'Statistics
is the 'Science of Uncertainty",'

Noel Cressie and Christopher K. Wikle, Statistics for Spatio-Temporal Data, Wiley, 2011, p. 4

Noel Cressie and Christopher K. Wikle, Statistics for Spatio-Temporal Data, Wiley, 2011, p. 4

Uncertainty is all around us; we can't expect certainty. But uncertainty can often be "quantified" -- that is, we can talk about degrees of certainty or uncertainty. This is the idea of probability: a higher probability expresses a higher degree of certainty that something will happen.

Statistical techniques are designed to help us understand areas where uncertainty is present and can be quantified. Most statistical techniques are based on probability. W. Edwards Deming, a pioneer in the use if statistics in industry, said, "It is his knowledge and use of the theory of probability that distinguishes the statistician from the expert in chemistry, agriculture, bacteriology, medicine, production, consumer research, engineering, or anything else."

Contemporary statistician Xiao-Li Meng reiterates and expands on this idea, using the words "randomness" and "variation" instead of uncertainty:

Statistics,
in a nutshell, is a
discipline that studies the best ways of dealing with randomness, or
more precisely and broadly, variation. As human beings, we tend to love
information, but we hate uncertainty -- especially when we need to make
decisions. Information and uncertainty, however, are actually two sides
of the same coin. If I ask you to go to the airport to pick up a
student you have never met, my description of her is information only
because there are variations; if everyone at the airport looks
identical, my description has no value. On the other hand, the same
variation causes uncertainty. If all I tell you is to pick up a Chinese
female student ..., then my description is not informative enough
because it still allows too many variations. There may be a substantial
number of individuals at the airport who look like a Chinese female
student. ^{2}

Consider
the theory of evolution,
for example. Biologists are in general agreement with regard to its
essential correctness, but the evidence marshalled in favor of
evolution
is quite unlike the kind of evidence used in mathematics or physics.
There is no way to prove that evolution is correct in a mathematical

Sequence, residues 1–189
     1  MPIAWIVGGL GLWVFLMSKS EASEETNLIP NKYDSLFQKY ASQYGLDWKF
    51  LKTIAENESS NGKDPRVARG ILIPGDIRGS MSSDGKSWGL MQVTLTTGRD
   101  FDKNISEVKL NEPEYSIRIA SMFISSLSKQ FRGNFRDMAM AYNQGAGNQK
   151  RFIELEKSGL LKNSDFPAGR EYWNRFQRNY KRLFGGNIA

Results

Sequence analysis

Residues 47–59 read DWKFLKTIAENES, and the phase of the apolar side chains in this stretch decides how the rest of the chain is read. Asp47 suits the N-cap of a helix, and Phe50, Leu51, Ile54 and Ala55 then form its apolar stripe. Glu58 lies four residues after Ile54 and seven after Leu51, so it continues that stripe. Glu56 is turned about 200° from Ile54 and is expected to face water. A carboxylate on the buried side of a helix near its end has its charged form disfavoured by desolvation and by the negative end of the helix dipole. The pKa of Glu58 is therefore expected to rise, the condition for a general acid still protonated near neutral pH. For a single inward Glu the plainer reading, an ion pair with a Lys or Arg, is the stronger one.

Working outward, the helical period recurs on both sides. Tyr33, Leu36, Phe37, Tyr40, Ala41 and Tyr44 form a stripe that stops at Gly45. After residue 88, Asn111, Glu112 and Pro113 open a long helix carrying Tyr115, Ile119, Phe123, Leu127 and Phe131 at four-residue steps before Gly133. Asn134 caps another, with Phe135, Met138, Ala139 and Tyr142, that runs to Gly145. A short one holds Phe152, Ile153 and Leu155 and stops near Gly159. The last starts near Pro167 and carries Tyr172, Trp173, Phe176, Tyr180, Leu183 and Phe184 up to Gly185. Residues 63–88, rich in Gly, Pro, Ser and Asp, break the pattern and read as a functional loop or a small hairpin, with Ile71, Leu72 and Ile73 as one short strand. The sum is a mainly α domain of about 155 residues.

sense; the arguments that support it consist of (to borrow the title of
one of Pólya’s books) “patterns of
plausible reasoning”, along with the careful consideration of
alternative hypotheses. In effect, biologists have said the following:
“We have mountains of evidence that are consistent with the
theory, broadly construed; there is no clear evidence that falsifies
the proposed theory, and no rival hypotheses meet the same
criteria.” ^{3}

In other words, in many areas, we can't expect certainty, or even anything approaching it, from a single study. But an accumulated body of evidence based on high quality research can give us a high degree of certainty. Working well in a field with high degrees of uncertainty requires patience and often humility while the mountains of evidence accumulate -- and might not turn out to support our pet theories. Statistician Howard Wainer said it well on the last page of one of his fascinating books on visual representations of data:

…
to deal with uncertainty successfully we must have a kind of tentative
humility. We
need a lack of hubris to allow us to see data and let them generate, in
combination with what we already know, multiple alternative working
hypotheses. These hypotheses are then modified as new data arrive. The
sort of humility required was well described by the
famous Princeton chemist Hubert N. Alyea, who once told his class,
“I
say not that it is, but that it seems to be; as it now seems to me to
seem to be.”^{4}

In case you need more support to convince yourself or someone else to give uncertainty the respect it is due, here are some more quotes about uncertainty. And/or try the Radiolab episode on Stochasticity, or David Spiegelhalter's Times Online article and video on uncertainty in science, or David Aldous's Annotated list of contexts where we perceive chance, or Charles Seife's

For speculations by a neurologist (and engaging writer) on why we have so much difficulty accepting uncertainty, see Robert Burton's On Being Certain.

- One consequence of not taking uncertainty seriously enough is that authors often write results in terms that misleadingly suggest certainty. For example, some authors might conclude from a study that a hypothesis is true or has been proved, when it would be more correct to say that the evidence supports the hypothesis or is consistent with the hypothesis.
- Another consequence is (mis)interpreting results of statistical analyses in a deterministic rather than probabilistic (also called stochastic) manner.

1. Deming, W. Edwards, Walter A. Shewhart, 1891 - 1976, Amstat News, September, 2009, p. 19

2. Meng, Xiao-Li, Statistics: Your Chance for Happiness (or Misery), Amstat News, September, 2009, p. 43

3. Schoenfeld, Alan, Purposes and Methods of Research in Mathematics Education, Notices of the American Mathematical Society, v. 47, 2000, pp. 641 - 649. Available at http://www.ams.org/notices/200006/fea-schoenfeld.pdf

4. Wainer, Howard, Picturing the Uncertain World, Princeton University Press, 2009, p. 210.

5. Seife's book Proofiness: The Dark Arts of Mathematical Deception (Penguin, 2010) is also a good read.

6. Burton, Robert (2008). On Being Certain: Believing You Are Right Even When You're Not, St. Martin's Press.

Last updated Sept 25, 2011